Exploring Immersed FEM, Material Design, and Biological Tissue Material Modeling

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Virginia Tech


This thesis utilizes the Immersed Interface Finite Element Method (IIFEM) for shape optimization and material design, while also investigating the modeling and parameterization of lung tissue for Diver Underwater Explosion (UNDEX) simulations. In the first part, a shape optimization scheme utilizing a four-noded rectangular immersed-interface element is presented. This method eliminates the need for interface fitted mesh or mesh morphing, reducing computational costs while maintaining solution accuracy. Analytical design sensitivity analysis is performed to obtain gradients for the optimization formulation, and various parametrization techniques are explored. The effectiveness of the approach is demonstrated through verification and case studies. For material design, the study combines topological shape optimization with IIFEM, providing a computational approach for architecting materials with desired effective properties. Numerical homogenization evaluates effective properties, and level set-based topology optimization evolves boundaries within the unit cell to generate optimal periodic microstructures. The design space is parameterized using radial basis functions, facilitating a gradient-based optimization algorithm for optimal coefficients. The method produces geometries with smooth boundaries and distinct interfaces, demonstrated through numerical examples. The thesis then delves into modeling the mechanical response of lung tissues, particularly focusing on hyperelastic and hyperviscoelastic models. The research adopts a phased approach, emphasizing hyperelastic model parametrization while reserving hyperviscoelastic model parametrization for future studies. Alternative methods are used for parametrization, circumventing direct experimental tests on biological materials. Representative material properties are sourced from literature or refit from existing experimental data, incorporating both empirically derived data and practical values suitable for simulations. Damage parameter quantification relies on asserted quantitative relationships between injury levels and the regions or percentages of affected lung tissue.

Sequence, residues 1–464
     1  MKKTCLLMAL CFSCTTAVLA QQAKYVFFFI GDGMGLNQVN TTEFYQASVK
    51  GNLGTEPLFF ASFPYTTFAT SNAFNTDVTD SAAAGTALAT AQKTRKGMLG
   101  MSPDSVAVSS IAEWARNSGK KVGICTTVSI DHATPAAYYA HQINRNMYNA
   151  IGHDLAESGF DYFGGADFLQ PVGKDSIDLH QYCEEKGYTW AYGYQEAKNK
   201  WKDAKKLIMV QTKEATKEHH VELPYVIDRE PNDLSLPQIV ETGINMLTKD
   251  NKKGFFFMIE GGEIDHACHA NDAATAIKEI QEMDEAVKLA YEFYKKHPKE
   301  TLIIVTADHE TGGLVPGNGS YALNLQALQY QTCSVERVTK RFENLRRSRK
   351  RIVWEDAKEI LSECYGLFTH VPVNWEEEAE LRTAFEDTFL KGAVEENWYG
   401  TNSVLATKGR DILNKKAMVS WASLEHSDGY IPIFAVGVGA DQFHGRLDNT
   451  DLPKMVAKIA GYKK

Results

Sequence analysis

Immersed FEM, Shape Optimization, Material Design, Lung Material Modeling, Hyperelasticity, Hyperviscoelasticity, Acoustics, Damage.